FGC – when I commented to you earlier that your blocking of Russian IP addresses had not blocked me, it’s funny that I had not considered why.  The reason is that depending on who you ask, apparently including your blocking software, at the moment I am not in Russia.  So, the question is, where could I be, if according to Russian authorities I have not left Russia?

On Sunday, I left Moscow and went on a 27.5 hour bus ride to the south.  I would have preferred a train, but there were no empty seats for at least a few days.  And commercial flights to this destination have been suspended for the time being.  So, I came here by a grin & bear it bus.  Check out this map to see the interesting route to an interesting destination:

This route took me along the old Ukraine border and across the bridge that was damaged by an explosion in October, then re-opened in February after being repaired.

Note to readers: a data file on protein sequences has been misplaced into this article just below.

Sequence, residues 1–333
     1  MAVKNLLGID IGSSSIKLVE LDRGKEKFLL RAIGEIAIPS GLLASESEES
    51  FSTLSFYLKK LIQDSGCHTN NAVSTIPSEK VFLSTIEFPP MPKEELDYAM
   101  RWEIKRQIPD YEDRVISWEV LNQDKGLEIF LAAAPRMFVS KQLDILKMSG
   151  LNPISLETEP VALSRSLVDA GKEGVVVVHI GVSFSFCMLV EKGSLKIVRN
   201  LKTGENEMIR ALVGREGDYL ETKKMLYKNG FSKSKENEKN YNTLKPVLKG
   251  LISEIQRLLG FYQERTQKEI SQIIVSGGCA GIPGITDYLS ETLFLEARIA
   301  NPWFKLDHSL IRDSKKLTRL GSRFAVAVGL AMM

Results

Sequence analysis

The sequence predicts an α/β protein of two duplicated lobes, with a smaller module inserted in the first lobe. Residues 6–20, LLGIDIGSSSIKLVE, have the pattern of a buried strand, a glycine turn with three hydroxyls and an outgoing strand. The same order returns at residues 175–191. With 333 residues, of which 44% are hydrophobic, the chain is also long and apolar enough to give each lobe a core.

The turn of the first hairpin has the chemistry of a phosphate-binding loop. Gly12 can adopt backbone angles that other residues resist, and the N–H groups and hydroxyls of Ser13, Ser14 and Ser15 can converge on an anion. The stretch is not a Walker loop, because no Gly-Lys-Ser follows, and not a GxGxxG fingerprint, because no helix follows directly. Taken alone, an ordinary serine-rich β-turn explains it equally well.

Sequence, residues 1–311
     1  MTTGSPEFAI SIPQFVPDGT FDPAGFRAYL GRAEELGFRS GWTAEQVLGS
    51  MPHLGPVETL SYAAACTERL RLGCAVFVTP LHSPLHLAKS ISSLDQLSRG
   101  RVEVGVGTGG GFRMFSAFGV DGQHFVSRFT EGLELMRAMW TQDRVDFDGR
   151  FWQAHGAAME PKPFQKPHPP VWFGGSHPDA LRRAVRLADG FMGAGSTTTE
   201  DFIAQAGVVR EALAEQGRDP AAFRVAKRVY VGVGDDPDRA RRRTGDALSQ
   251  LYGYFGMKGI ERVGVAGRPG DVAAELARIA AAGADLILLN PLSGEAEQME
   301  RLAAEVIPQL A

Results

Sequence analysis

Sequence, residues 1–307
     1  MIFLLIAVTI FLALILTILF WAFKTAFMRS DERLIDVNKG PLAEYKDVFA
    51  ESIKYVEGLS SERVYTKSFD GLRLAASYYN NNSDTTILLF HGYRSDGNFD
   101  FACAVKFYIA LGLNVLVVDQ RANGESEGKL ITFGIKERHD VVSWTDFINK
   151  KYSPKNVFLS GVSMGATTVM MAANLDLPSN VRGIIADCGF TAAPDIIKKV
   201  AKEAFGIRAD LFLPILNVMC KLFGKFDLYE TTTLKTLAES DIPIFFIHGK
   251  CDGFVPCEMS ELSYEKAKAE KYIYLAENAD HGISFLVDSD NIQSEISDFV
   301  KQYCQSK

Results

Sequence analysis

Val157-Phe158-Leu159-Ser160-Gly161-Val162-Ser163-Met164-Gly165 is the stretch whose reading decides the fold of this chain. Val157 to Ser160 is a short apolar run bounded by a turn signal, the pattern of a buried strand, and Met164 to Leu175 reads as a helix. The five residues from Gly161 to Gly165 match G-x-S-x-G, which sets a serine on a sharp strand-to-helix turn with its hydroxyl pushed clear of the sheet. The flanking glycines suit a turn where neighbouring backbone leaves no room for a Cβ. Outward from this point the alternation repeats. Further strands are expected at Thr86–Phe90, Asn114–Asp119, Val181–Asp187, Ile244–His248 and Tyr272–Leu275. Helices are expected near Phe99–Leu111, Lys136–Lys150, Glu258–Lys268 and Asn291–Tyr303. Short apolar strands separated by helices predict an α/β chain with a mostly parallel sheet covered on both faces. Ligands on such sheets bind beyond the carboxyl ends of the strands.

Yesterday, I arrived in Sevastopol, Crimea in ideal springtime conditions, flowers and greenery everywhere, birds singing and no tourists.  It goes without saying there are no other Americans to be seen here, but that’s not a surprise, as I haven’t encountered a single American or western European anywhere in more than two months in Russia.

Sevastopol is a really pleasant city.  There’ s so much to see and do.  The highlight today was walking in shorts along the cliffs at Fiolent:

Something that makes an impression here is the frequent thunder of fighter jets.  They’re using the military base just five miles north of Sevastopol.  It’s a reminder that war is not so far away.

Tomorrow I’ll move to Yalta and spend a few days there.  All for now.